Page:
James Bridges's second script for The Alfred Hitchcock Hour was "The Star Juror," which aired on CBS on Friday, March 15, 1963, It was based on a 1958 French crime novel called The Seventh Juror by Francis Didelot.
Born in Madagascar in 1902 as Roger-Francis Didelot, the author trained and worked as a lawyer but became famous as a writer of novels, plays and non-fiction; he also wrote for radio, television and film and many of his works were adapted for the screen by other writers. The Seventh Juror is his best know novel and, in addition to the adaptation on The Alfred Hitchcock Hour, it was filmed in France in 1962 and again for French television in 2008. In 2013, Variety reported that The Seventh Juror was being developed for the big screen again, but to date it has not been released. Didelot died in 1985.
|First edition in English|
News of Lola's murder sweeps through the town and an investigation gets underway. Her boyfriend, Sylvain Sautral, is arrested, and Gregoire finds himself on the list of jurors for the upcoming trial. He becomes determined to prevent Sautral from being found guilty and telephones the defense lawyer to confess to the murder without giving his name. He visits a church in Paris and confesses to a priest, who writes to the judge without revealing Gregoire's identity. He even sends an unsigned letter declaring that Sautral is innocent, but the process of justice moves on and the trial grows near.
|Dean Jagger as George|
|Betty Field as Jenny|
|Will Hutchins as J.J.|
The story is moved from a French town to an unspecified location in the American south and it begins with George (Gregoire) and Jenny (Genevieve) dozing on a picnic blanket. George wanders off, finds Lola and strangles her; she is young, vivacious and clad in a swimsuit, in contrast with Jenny, who is middle-aged, dumpy and snoring loudly. Of course, Lola is not nude, as she is in the novel, but she does flirt with George, offering him a beer. There is a moment of suspense when her boyfriend J.J. (Sylvain) floats by in a rowboat and George cowers behind a bush, but George is able to return safely to the picnic blanket and go back to sleep next to his wife.
|Crahan Denton as the sheriff|
After Lola's body has been found and George is back at home with Jenny, he says that the sheriff is "up to his neck in trouble," ending the litany of neck references. He goes to his favorite beer joint and is accused of being the murderer when he walks in the door, but everyone laughs and it is revealed that each man was accused on entering the room. J.J. is arrested and has a violent fit in his cell, destroying his bedding and requiring George to bring a sedative from the pharmacy. Will Hutchins overacts wildly in these scenes and is much different from the Sautral of the novel, who is philosophical. James Best might have been a better choice for the role. Continuing the theme of having characters say things that mean one thing to George and another to everyone else, J.J. addresses George and states, "You know I didn't kill her." Of course, George knows this all too well but J.J. does not realize it.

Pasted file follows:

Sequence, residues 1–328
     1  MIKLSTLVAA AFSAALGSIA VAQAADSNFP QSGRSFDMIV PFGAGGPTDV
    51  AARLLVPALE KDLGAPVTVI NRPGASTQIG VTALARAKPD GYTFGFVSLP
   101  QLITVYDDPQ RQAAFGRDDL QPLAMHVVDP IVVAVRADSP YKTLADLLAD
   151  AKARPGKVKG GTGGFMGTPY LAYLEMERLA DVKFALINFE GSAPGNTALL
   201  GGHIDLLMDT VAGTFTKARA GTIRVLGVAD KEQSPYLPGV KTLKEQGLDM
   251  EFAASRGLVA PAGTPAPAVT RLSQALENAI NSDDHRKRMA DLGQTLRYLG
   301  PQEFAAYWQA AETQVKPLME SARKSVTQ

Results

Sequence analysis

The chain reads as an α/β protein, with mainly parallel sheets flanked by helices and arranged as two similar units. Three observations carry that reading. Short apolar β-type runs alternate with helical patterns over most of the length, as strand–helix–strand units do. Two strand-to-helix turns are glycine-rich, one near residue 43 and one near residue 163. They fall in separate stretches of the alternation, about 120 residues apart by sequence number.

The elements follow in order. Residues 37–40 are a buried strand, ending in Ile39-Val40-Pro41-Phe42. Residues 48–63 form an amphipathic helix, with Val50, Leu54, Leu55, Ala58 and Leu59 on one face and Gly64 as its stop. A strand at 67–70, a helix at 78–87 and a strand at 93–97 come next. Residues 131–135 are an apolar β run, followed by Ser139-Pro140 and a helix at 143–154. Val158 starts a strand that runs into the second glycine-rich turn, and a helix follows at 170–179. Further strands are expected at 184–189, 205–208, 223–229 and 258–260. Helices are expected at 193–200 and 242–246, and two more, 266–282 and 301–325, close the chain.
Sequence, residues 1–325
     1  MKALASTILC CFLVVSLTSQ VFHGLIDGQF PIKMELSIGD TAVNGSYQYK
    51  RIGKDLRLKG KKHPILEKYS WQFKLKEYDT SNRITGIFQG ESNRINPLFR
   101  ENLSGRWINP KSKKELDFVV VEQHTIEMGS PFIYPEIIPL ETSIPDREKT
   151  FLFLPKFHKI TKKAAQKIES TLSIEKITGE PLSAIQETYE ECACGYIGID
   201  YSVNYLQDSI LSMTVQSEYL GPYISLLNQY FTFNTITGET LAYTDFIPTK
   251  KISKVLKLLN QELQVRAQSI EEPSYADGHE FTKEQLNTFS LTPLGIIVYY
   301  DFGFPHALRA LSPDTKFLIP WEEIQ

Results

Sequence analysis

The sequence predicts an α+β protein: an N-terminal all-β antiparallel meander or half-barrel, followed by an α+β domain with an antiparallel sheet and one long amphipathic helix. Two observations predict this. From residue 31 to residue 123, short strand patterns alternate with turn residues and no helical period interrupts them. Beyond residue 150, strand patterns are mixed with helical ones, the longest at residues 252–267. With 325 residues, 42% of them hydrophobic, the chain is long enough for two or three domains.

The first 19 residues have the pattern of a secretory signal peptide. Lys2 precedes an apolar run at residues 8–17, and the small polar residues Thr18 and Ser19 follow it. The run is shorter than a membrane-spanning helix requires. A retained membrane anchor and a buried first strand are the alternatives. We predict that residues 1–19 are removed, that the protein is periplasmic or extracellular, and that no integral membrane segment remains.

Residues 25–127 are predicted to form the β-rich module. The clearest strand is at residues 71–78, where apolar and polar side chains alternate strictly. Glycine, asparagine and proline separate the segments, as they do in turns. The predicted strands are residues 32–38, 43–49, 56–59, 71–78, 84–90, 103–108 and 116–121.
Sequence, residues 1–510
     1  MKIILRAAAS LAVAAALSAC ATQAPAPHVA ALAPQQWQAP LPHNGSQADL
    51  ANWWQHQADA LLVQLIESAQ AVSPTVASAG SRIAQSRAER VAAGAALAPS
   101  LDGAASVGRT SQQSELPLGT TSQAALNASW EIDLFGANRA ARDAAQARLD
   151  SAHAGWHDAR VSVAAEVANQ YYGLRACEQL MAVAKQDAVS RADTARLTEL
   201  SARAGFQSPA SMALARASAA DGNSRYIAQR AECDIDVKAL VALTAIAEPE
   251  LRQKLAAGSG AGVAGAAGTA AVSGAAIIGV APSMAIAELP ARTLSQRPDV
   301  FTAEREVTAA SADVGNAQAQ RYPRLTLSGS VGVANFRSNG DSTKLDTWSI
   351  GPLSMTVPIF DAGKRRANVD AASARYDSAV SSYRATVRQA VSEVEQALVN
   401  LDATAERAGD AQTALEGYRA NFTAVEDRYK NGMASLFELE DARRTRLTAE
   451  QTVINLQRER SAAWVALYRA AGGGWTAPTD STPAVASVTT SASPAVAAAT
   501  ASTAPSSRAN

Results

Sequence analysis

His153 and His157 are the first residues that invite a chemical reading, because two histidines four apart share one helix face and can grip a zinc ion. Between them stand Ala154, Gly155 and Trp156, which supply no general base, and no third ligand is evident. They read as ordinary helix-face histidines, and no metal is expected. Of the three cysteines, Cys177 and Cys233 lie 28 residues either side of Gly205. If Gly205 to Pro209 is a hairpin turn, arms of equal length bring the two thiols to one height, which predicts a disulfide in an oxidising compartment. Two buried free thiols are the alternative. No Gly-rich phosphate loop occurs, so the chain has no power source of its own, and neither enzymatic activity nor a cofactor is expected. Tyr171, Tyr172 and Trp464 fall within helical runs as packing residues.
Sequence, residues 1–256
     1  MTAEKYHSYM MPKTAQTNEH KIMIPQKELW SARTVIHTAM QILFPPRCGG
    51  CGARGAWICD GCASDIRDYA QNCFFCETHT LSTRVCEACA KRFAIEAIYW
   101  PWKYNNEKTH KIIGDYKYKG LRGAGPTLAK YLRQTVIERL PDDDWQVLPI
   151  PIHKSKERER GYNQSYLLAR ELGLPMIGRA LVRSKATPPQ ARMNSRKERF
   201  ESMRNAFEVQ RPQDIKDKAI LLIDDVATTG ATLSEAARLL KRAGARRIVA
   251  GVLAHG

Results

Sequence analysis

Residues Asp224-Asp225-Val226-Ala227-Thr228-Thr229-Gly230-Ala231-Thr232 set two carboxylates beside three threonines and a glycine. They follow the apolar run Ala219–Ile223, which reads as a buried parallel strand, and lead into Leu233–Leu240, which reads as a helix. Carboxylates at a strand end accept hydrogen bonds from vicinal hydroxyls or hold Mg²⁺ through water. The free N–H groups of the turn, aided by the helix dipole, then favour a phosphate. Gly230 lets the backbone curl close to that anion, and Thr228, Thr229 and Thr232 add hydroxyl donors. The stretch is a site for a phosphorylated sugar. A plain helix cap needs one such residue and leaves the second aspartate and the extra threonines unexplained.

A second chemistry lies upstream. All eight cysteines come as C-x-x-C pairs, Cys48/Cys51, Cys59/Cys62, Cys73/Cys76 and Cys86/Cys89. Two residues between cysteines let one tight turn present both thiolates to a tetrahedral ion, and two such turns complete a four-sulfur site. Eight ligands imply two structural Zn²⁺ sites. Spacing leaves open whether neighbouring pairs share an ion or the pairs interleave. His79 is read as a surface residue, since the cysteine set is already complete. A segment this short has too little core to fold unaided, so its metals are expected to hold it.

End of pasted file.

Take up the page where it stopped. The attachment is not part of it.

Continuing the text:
|George Mitchell as the judge|
|The sign attached to George's back door|
|Jennifer West as Alice|
George visits the scene of the crime and is tortured by voices in his head accusing him of being a "killer." He visits the sheriff and confesses, to no avail. Meanwhile, young men throw rocks through J.J.'s windows and beat him up before Alice comes outside and fires a gun in the air to scare them off. George visits and prevents J.J. from committing suicide, but in the struggle over the gun George shoots J.J. dead. As in the novel, he is not thought to have been responsible for a second killing, and the show ends with the sheriff telling George that he has been working too hard.
|Katherine Squire as J.J.'s mother|
Starring as George, Dean Jagger (1903-1991) gives a nuanced performance, standing out as the best in the show. He was in vaudeville and on the radio before starting his movie career in 1929 and his TV career in 1948. He won an Academy Award as Best Supporting Actor for his role in Twelve O'Clock High (1949) and appeared in many films, including Fritz Lang's Western Union (1941). He was also a regular on the TV series Mr. Novak from 1963 to 1965. This was his only appearance on the Hitchcock series. He also made an appearance on The Twilight Zone.
|Cathie Merchant as Lola|
Will Hutchins (1930- ) was born Marshall Lowell Hutchason and his career on screen lasted from 1956 to 2010. He was a regular on three TV series: Sugarfoot (1957-1961), Hey, Landlord (1966-1967) and Blondie (1968-1969), but this was his only appearance on the Hitchcock series.
|Josie Lloyd as Pauline|
J.J.'s mother is played by Katherine Squire (1903-1995), who was on screen from 1949 to 1989 and who gave similarly odd performances in two episodes of Alfred Hitchcock Presents: "Pen Pal" and "Man From the South" (as Peter Lorre's wife). She was also in two other episodes of The Alfred Hitchcock Hour, as well as episodes of The Twilight Zone and Thriller. Her husband, George Mitchell (1905-1972), plays the judge and was on screen from 1935 to 1973. He appeared in a total of four episodes of the Hitchcock series, including "Forty Detectives Later" and "The Black Curtain." Like his wife, he was seen on The Twilight Zone and Thriller; he also appeared in the classic western, 3:10 to Yuma.
|Possibly the tightest pair of shorts|
ever seen on The Alfred Hitchcock Hour
Finally, George and Jenny's daughter Pauline is played by Josie Lloyd (1940- ), daughter of producer Norman Lloyd. Her brief screen career lasted from 1960 to 1967 and included six episodes of the Hitchcock series.
"The Star Juror" is not yet available on DVD in the U.S. but may be found online at various torrent sites.
In two weeks: "Death and the Joyful Woman" starring Gilbert Roland and Laraine Day!